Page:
ZAYN feat. Sia – Dusk Till Dawn

“Way, way above most of the other ex-One Direction singles.”

Tom: Time for an unnecessarily dramatic video. (Perhaps he’s envious of Harry Styles’ turn on Dunkirk.)

I reckon that, when it gets to the chorus, you’re going to go “oh,” and then one or two beats later go “oh!”

Tim: On count 1: yes, that really is unnecessarily dramatic, though it is quite fun. Count 2: yes, pretty much. Chorus starts okay, and suddenly becomes GREAT.

Tom: I’ll be honest, that “ee-ee-ee-ee” bit in the chorus doesn’t work for me, which means there’s no way I could give this track full marks: but it’s still definitely a cut above most of the other ex-One Direction singles.

Tim: Oh, way, way above them, as I have a massive amount of time for this. Sure, the ee-ee-ee-ee is possibly a slight irritant that detracts from the rest, but it’s still damn good.

Tom: There’s a lot going on here — possibly too much. And it’s possibly a poor choice to use Sia just for backup vocals: that voice deserves to at least have a bit of a solo.

Tim: Quite pleasing how much we’re agreeing here – I too found it weird that she’s only there to directly duet, there’s no variation from Zayn’s line to hers.

Tom: But still, as Credible Big Pop Tracks go, Zayn could be doing a lot worse.

Tim: Much, much worse.

Matoma & The Vamps – Staying Up

“It’s just not something you’d expect to hear in mid-to-late 2017.”

Tim: Three boybands came out with tracks this week: one a new group from the ludicrously complicated American TV show Boy Band (and the song’s awful); one called Why Don’t We who have been going a year now and are yet to produce anything that isn’t awful; and The Vamps.

Tom: An understated third part to that list, there.

Tim: True, but most of the stated-ness was due to the others being awful, which isn’t something I can say about The Vamps, particularly with Matoma on board.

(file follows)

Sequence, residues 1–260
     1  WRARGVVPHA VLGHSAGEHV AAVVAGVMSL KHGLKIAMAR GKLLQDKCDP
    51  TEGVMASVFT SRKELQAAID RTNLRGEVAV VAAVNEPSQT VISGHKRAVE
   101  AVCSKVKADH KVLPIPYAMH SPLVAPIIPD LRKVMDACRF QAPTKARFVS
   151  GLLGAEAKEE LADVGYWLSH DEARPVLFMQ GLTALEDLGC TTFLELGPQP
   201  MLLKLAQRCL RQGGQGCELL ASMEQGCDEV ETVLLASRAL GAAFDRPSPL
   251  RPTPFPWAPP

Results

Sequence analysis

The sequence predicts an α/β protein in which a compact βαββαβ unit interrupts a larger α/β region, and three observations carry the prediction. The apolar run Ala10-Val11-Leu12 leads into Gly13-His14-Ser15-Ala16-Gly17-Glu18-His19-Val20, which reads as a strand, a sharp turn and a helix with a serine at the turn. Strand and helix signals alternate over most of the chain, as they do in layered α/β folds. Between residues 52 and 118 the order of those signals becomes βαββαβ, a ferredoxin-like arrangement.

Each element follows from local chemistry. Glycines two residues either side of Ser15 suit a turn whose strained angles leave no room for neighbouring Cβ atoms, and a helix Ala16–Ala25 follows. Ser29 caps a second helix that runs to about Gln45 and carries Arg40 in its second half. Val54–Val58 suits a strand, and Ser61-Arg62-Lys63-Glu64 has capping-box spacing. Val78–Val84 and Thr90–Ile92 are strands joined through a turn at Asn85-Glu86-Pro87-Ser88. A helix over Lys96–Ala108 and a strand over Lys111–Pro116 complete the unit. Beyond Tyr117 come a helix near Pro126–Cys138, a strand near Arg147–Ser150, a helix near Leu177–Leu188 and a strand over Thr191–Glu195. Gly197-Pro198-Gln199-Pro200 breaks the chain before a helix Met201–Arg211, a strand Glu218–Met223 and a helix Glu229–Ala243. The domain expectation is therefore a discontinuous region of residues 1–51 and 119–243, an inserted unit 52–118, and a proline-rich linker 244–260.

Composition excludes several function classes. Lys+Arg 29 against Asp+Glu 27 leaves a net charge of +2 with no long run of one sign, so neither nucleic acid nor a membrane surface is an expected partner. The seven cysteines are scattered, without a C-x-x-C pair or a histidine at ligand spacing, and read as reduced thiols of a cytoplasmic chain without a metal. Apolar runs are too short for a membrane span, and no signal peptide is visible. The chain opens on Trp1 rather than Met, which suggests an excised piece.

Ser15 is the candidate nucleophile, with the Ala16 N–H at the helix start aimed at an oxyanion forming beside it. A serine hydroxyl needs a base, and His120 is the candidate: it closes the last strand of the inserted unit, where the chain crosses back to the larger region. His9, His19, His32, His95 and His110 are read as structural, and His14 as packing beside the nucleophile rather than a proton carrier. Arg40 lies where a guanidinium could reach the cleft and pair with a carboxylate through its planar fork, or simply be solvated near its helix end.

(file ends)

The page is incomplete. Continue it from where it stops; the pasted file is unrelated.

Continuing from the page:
Tom: Interesting who got first billing there, isn’t it?

Tim: And hearing that makes me realise that, pleasantly, tropical dance has largely been absent this year, which means we can actually enjoy it in the small doses that it presents itself in, such as this.

Tom: It actually sounds a bit dated now, doesn’t it? I’m not sure that it’s a bad sound, it’s just not something you’d expect to hear in mid-to-late 2017.

Tim: In terms of what it does, it’s not dissimilar to last year’s All Night – takes your regular boyband sound, and merges that nicely with something different, turning more into something sounding like a banging remix.

Tom: It’s not quite a BANGER: there’s too much pre-chorus and not enough actual full-on chorus. It’s got the same problem as Galantis earlier this week: there’s basically no bass, which is fine for tropical house but not really great to dance too. But yes, it is at least different.

Tim: That is, in fact, probably what saves it right now from being a generic boyband track destined for the shame and ignominy that hopefully await those two I mentioned earlier, which could easily be generic solo album tracks with a few extra vocals. All in all, this really works for me, as a sound and as a track.

Galantis & ROZES – Girls on Boys

“Everything’s great about this apart from the chorus.”

Tom: “We been waiting to throw you this curve ball!”, write Galantis excitedly. “It’s a style of song-writing that’s been a part of Galantis from the start but we never really had the chance to show you.”

Tim: It normally gets me nervous when bands I like say that; on the other hand, they’ve not exactly been knocking it out of the park recently, so I’m open minded.